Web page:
Talking Points <Talking.Points@comcast.net>

We know you can go to jail for threatening to kill the President. Likewise for yelling “Fire” in a crowded theater. It seems strange the courts haven’t ruled on threats to kill police officers on Facebook. For the case sent in by TP, click HERE. (3:29)

 

PAYING IT FORWARD

Several positive comments are being received on Facebook for this post authored yesterday by Pete Salvi...

May 6th

Time to honor a volunteer: My mother-in-law has cancer and is undergoing treatment. We were unable to take her on a recent occasion because we were out of town. When we contacted the American Cancer Society we were told they have volunteers who transport patients to treatment. Lo and behold, look who showed up: Ernie Vallecilla. He began volunteering to transport patients after Peggy was diagnosed with cancer and continues doing so to “pay it forward.” Ernie does this quietly and without fanfare.

I mention this because there was an article in yesterday’s Mercury News stating that the program is expanding and that there is a need for more volunteers. It’s a good opportunity to “pay it forward” along with Ernesto Vallecilla.



 

A FEW MOMENTS WITH JUDGE JEANINE

Like her or not — and most people fall on one side or the other — Judge Jeanine Pirro of Fox News has the back of the nation’s cops. Listen to her Opening Statement from her show a few days ago by clicking HERE — or read the transcription of her statement below. (5:15)

Judge Jeanine: Cops Across the Country Demonized Because of Baltimore

Tonight, cops across the nation are being demonized for the alleged actions of some in Baltimore.

But imagine the 25-year-old running from the police is your son. Your son arrested and thrown in that police van, your son buried.

I want you to take race, family, preconceived notions for or against law enforcement out of this.

This is about the facts - pure and simple. I've been there. The elected DA in a tough spot, charging police - the investigative agency that you work with every day.

That you need to testify to put criminals behind bars with a crime that could land them behind those same bars. The issues are hard, the problems fast and furious.

Now there's no question that Baltimore city state's attorney Marilyn Mosby is articulate, passionate and believes in the charges she has brought and believes she can prove them beyond a reasonable doubt. But I’m not so sure.

“The manner of death deemed homicide by Maryland state medical examiner is believed to be the result of a fatal injury that occurred while Mr. Gray was unrestrained by his seatbelt in the custody of the Baltimore Police Department wagon.” – Mosby on Friday

But she is also inexperienced, never having tried a murder case. New at the job - in office for four months - just recently leaving her insurance company job.

Granted, the medical examiner ruled this a homicide. But any experienced prosecutor knows that is nothing more than a classification, meaning it's not an accident, it's not a suicide and it's not undetermined. So why on the same day the autopsy findings are released to her does she file charges?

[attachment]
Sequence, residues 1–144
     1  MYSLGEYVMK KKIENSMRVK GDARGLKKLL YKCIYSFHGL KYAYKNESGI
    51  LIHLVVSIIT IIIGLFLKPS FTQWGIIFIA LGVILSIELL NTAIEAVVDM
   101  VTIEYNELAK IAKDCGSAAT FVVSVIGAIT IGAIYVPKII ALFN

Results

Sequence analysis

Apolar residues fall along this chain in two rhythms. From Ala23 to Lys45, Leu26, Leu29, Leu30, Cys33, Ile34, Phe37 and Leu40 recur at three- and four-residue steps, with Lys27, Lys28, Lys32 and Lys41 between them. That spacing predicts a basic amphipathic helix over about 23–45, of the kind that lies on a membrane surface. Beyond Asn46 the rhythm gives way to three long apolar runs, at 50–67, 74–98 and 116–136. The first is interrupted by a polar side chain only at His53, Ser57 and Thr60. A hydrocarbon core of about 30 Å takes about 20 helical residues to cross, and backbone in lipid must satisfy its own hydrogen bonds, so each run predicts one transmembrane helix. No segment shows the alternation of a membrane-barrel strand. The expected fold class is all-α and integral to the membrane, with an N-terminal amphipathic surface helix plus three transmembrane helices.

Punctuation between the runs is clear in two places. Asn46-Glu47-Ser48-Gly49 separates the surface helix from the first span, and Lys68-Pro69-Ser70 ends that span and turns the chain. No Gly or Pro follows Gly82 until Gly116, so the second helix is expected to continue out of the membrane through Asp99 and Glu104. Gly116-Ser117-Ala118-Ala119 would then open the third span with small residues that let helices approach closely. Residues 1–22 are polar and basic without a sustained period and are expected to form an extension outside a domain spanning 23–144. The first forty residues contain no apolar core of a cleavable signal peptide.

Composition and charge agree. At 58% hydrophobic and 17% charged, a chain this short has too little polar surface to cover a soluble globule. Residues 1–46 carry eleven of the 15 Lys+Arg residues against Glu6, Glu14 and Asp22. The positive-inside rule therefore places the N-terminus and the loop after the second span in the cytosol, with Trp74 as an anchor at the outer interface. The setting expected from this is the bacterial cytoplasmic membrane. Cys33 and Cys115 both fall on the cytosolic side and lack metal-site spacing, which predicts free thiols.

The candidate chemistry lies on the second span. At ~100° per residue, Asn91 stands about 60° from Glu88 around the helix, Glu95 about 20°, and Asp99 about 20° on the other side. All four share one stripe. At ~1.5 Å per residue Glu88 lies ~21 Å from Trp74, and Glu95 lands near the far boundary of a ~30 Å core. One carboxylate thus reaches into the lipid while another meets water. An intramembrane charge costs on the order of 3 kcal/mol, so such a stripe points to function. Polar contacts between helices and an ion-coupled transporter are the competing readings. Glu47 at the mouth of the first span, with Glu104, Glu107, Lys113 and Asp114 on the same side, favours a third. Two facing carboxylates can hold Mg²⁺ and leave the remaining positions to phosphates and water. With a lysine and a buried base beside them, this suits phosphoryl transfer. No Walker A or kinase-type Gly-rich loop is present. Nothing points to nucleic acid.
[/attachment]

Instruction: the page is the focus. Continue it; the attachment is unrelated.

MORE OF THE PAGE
There is no question that Freddie Gray was healthy enough to run from the police but almost dead when he was taken off that police van.  And in a case as unusual and unique as this, why not seek out pathologists for insight into what the defense will try to show?

And who to charge? Were Freddie Gray's injuries the result of the bicycle cops putting him in a prone position? Were they due to his then being put in a seated position after finding the knife? Or when they put him stomach down on the ground? Or when he was put in a leg lace? Or when he was placed in the police van without a seatbelt? Or when he was removed from the van and flex cuffs placed on his wrists and then leg shackles on his legs? Now, Mosby believes the critical neck injury occurred during the ride to central booking. How does she know that?

Maybe we all need to step back and let the justice system take its course. And whether they're guilty or not guilty, whether they should have been charged or are overcharged, the passion surrounding this case and arguments to render cops powerless or call for the removal of their guns is nothing short of lunacy and putting all of society at risk.

When cops commit crimes, they are prosecuted and jailed. I know - I prosecuted cops.  But it's time for us to recognize the importance and necessity of maintaining and respecting the men and women in blue. And to suggest that all cops are the enemy is absurd.

To those who hate cops and don't want them around: start defending yourself!

The truth? These cops are not paid anywhere near enough to put their lives on the line every day. They're not paid enough to be abused and ridiculed and blamed for society's ills, spit on by murderers, waste thrown at them by prisoners.

Cops are the one line of defense - indeed the last line - that separates us from a barbaric and chaotic society. They live on the battlefield, where the fight between good and evil unfolds every day. And often, they quietly die on that very battlefield. And left behind are grieving families, children without parents because someone chose to stand for law and order against chaos.